Dispute breaks out in Tübingen over tax on disposable packaging

A row erupted in Tübingen after fast food company McDonald’s filed a complaint against a new tax imposed by the German city on disposable food packaging.

New tax on disposable packaging in Tübingen

Since the beginning of the year, all businesses in Tübingen that offer takeaway food – including restaurants, cafes, snack bars, bakeries, butchers, cinemas, petrol stations and kiosks – are required to pay a tax of 50 cents plus VAT on all disposable products. packaging. The revenue is used to offset the approximately 700,000 euros the city has to spend each year to clean the city’s trash cans and streets.

The vast majority of businesses in Tübingen have lined up, but one big one doesn’t play ball: McDonald’s. The Tübingen branch of the American giant is suing the city administration in the local court in Mannheim, questioning whether the city is entitled to collect the tax.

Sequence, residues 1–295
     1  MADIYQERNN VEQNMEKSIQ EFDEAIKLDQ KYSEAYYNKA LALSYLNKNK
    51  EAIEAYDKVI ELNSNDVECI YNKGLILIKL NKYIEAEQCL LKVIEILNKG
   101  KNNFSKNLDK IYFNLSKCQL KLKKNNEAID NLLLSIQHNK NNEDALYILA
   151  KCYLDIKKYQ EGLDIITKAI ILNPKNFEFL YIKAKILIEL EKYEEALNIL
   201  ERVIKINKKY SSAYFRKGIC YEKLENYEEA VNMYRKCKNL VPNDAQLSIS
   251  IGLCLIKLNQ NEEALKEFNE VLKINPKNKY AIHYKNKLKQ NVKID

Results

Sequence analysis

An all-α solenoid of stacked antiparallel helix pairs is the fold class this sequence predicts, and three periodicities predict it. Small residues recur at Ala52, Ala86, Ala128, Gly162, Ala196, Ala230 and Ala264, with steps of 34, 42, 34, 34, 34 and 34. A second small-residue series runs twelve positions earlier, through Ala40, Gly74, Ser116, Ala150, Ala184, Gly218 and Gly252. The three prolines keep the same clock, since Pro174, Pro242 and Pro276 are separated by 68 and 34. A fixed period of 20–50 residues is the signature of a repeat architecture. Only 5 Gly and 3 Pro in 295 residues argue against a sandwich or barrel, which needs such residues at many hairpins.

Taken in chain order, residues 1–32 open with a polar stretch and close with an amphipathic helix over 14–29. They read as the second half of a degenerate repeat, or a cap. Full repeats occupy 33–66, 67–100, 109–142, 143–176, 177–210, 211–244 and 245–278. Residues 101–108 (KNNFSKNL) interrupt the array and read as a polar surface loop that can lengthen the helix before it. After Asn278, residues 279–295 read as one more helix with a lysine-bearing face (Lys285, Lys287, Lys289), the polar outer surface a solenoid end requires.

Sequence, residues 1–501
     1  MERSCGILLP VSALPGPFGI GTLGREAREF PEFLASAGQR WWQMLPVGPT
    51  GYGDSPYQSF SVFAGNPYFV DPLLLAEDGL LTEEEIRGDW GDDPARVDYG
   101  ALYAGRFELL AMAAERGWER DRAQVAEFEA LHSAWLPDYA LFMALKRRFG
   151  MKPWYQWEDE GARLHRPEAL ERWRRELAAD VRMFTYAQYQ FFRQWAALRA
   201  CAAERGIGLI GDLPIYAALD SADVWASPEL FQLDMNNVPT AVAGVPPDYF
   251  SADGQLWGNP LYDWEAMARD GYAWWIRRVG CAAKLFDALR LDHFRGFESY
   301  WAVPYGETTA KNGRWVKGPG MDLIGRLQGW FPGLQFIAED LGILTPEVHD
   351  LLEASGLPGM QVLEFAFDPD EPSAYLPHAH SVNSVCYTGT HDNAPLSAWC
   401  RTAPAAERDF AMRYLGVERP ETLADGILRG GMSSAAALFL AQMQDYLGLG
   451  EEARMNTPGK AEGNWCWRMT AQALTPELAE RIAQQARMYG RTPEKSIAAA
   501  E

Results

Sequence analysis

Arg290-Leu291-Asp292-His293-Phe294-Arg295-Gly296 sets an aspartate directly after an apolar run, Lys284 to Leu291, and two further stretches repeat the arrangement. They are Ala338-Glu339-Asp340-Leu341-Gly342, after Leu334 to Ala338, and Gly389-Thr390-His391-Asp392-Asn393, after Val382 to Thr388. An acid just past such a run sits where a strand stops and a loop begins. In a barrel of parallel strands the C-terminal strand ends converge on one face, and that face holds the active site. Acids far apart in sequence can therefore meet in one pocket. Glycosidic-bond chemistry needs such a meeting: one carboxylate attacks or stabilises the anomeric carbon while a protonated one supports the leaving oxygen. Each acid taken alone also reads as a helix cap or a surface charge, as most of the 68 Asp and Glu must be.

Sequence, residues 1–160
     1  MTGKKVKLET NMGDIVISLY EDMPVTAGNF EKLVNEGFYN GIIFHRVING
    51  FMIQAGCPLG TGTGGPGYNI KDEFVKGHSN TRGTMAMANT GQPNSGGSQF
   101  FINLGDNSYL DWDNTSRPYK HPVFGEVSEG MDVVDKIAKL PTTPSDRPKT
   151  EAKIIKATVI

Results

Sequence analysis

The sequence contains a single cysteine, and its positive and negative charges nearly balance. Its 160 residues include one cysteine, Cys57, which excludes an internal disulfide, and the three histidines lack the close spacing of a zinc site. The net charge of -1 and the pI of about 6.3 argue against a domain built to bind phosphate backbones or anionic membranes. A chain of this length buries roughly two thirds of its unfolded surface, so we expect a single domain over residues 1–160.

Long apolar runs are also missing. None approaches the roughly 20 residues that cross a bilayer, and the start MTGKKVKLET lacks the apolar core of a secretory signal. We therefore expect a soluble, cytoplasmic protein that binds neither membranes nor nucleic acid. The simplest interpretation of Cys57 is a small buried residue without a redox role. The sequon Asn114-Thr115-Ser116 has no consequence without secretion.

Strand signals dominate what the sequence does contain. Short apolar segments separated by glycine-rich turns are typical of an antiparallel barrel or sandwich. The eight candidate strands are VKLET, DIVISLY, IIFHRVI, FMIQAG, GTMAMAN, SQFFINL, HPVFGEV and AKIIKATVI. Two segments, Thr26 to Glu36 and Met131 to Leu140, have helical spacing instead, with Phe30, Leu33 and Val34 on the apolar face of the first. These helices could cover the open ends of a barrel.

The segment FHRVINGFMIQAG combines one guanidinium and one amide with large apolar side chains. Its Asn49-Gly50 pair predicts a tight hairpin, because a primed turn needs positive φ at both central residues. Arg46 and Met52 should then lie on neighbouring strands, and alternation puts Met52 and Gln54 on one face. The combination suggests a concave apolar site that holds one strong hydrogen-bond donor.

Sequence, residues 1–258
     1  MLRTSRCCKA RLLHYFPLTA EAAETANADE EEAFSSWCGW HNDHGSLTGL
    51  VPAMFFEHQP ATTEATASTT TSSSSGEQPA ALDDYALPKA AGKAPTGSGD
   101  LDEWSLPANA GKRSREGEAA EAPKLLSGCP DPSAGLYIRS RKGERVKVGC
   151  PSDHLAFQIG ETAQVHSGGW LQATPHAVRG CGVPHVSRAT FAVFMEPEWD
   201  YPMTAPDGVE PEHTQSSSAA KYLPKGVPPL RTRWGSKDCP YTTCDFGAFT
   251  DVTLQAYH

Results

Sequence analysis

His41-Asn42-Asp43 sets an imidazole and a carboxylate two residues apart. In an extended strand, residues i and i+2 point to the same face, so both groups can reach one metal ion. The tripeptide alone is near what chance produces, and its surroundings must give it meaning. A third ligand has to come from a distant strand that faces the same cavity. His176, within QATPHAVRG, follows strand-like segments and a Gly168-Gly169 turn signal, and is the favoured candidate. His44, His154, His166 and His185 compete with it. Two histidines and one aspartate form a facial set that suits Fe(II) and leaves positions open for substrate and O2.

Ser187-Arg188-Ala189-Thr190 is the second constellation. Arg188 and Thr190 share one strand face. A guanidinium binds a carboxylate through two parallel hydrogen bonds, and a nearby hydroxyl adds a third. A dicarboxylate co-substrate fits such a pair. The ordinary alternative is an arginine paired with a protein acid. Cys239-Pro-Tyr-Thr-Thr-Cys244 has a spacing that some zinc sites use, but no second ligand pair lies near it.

DUH accuses McDonalds of sabotaging climate protection

McDonald’s attempt to avoid the tax has not gone down well in some quarters, with Environmental Action Germany (DUH) being particularly vocal in its criticism. In a statement delivered by DUH chief executive Jürgen Resch, the organization called McDonald’s a “saboteur”, saying that by taking legal action in Tübingen, McDonald’s is blocking the urgent shift to environmentally friendly reusable alternatives. environment and climate. DUH also criticized the company’s business conduct and its unwillingness to commit to change for the future of the environment.

Resch, together with the mayor of Tübingen, Boris Palmer (Greens), presented several sustainable packaging designs that McDonald’s uses abroad in countries such as the United Kingdom and France, saying that the company has the ability to switch to recyclable or reusable packaging.

In response, McDonald’s asked the German government to come up with a uniform national framework, rather than a regional framework, as seen in the case of Tübingen. The company argues that by having special laws in certain regions, the government stands in the way of a successful and workable national concept, which is why it supports the lawsuit brought by the owner of McDonald’s Tübingen.

The owner of the Tübingen branch has declared that he agrees to be responsible for contributing to the conservation of resources and the reduction of packaging waste, but he considers the regional packaging tax to be disproportionate and therefore opposes the law.

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